Class is in Session: Part One!

My wife  (who is a PhD candidate in English Literature) and I (who am not) are co-teaching a course on children’s literature. Mary has taught this course many times before, but with the pressures of dissertation-writing weighing heavily on her shoulders, she was wary about taking on the extra work. And so she asked the school if I could teach with her1!

We pretty much spend our waking lives reading and discussing children’s books, and now someone is going to pay us to do it!

Mary suggested we take the opportunity to throw out her old syllabus. She wanted to try teaching some new texts, and we were both eager to insert a bit more contemporary work (she specializes in the 18th and 19th centuries). A few of these books are ones I haven’t read before, and I’m very excited to dive into them.

I thought I’d put the first half of our reading list on this site and use the course as a way to talk out some of my ideas on each book. The thesis of the class has to to with creating unique geographies in children’s literature. I also am including the course dates, just in case you want to read along:

The History of Little Goody Two-Shoes
by John Newbery (1765)

That’s right, the John Newbery. The guy who started it all. His Goody Two-Shoes stories are a perfect example of the earliest children’s literature, which functioned primarily as moral instruction. I’ve only read excerpts from this piece back when I was an undergrad, so I’m excited to revisit.
Discussion on: Jan 27

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The Coral Island
by R.M. Ballantyne (1857)

After the bombshell that was Robinson Crusoe (1719), there came a wave of “Robinsonades” — knockoff books about people being stranded on islands. A lot of these were written for children (Swiss Family Robinson anyone?). Coral Island was an immensely popular take involving a bunch of schoolboys who land on an island and behave like good English gentlemen. I love adventure stories, but have somehow have failed to read this book.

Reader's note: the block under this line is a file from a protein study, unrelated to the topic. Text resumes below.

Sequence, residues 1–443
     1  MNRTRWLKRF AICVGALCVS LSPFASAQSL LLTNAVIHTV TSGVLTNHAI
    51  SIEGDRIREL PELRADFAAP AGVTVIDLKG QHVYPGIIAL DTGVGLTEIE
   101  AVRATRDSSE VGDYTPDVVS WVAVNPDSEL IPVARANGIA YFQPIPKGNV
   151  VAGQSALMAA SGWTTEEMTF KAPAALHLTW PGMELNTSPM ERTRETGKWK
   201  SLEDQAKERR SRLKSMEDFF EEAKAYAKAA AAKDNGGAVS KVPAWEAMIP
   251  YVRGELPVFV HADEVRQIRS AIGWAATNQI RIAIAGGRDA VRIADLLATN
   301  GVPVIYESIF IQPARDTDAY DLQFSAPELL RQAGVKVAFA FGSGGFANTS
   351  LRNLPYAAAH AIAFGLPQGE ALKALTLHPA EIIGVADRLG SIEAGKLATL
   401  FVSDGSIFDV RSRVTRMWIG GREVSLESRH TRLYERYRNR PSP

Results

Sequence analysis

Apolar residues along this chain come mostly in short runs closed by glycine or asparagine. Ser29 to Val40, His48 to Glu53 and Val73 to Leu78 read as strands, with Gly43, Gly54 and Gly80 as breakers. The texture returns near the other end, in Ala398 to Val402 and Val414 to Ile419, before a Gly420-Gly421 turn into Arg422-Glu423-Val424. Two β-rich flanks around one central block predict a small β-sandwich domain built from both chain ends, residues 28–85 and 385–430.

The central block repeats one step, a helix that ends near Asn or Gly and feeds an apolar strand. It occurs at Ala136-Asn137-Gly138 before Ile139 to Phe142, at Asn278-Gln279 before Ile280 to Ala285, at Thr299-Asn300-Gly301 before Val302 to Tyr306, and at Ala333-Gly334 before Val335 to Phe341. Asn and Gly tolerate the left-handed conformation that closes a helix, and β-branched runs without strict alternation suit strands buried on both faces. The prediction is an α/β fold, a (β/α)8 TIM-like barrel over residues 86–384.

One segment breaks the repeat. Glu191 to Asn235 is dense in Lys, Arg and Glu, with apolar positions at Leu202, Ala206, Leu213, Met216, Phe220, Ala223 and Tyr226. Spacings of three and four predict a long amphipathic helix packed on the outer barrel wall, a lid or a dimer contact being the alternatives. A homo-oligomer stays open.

Discussion on: Feb 10

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A Little Princess
by Frances Hodgson Burnett (1905)

We’re reading this book to balance out Coral Island. Like many of Burnett’s books, A Little Princess is a wonderful example of a domestic girl’s story. It also provides a nice female perspective on notions of Empire and community (within Sara’s school).It’s been a long time since I’ve read this and I’m excited to revisit!

Discussion on: Feb 17

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Peter and Wendy
by J.M. Barrie (1911)

This is without question my favorite book of all time. I have read it a dozen times over and still can’t find a single word that feels out of place. It is also a wonderful synthesis of the two genres preceding it — a combination of boy’s adventure and girl’s domestic tales 2. Can’t wait to talk about this book!

Discuss on: Feb 24

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Winnie-the-Pooh
by A.A. Milne (1926)

If Peter and Wendy is an example of an author creating a world that hinges on childlike imagination, Winnie-the-Pooh does one better: it is a meticulous recreation of an actual child’s world. It is also adorable.

Discussing on: March 3

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Charlotte’s Web
by E.B. White (1952)

Charlotte’s Web is a step away from the fantasy of Barrie and Milne. It takes readers back to a more grounded world. Yes, the animals can talk, but only to each other … plus they die.

Discussing on: March 10

So that’s it for the first half of the semester. After these books, we’ll be moving on some more contemporary work (including some YA). If you have any desire to read or re-read these books in the coming weeks, do so!

  1. 1. After some “equivalency” rigmarole, the school determined that my MFA in Dramatic Writing would be sufficient
  2. 2. Credit for this distillation goes to Jack Zipes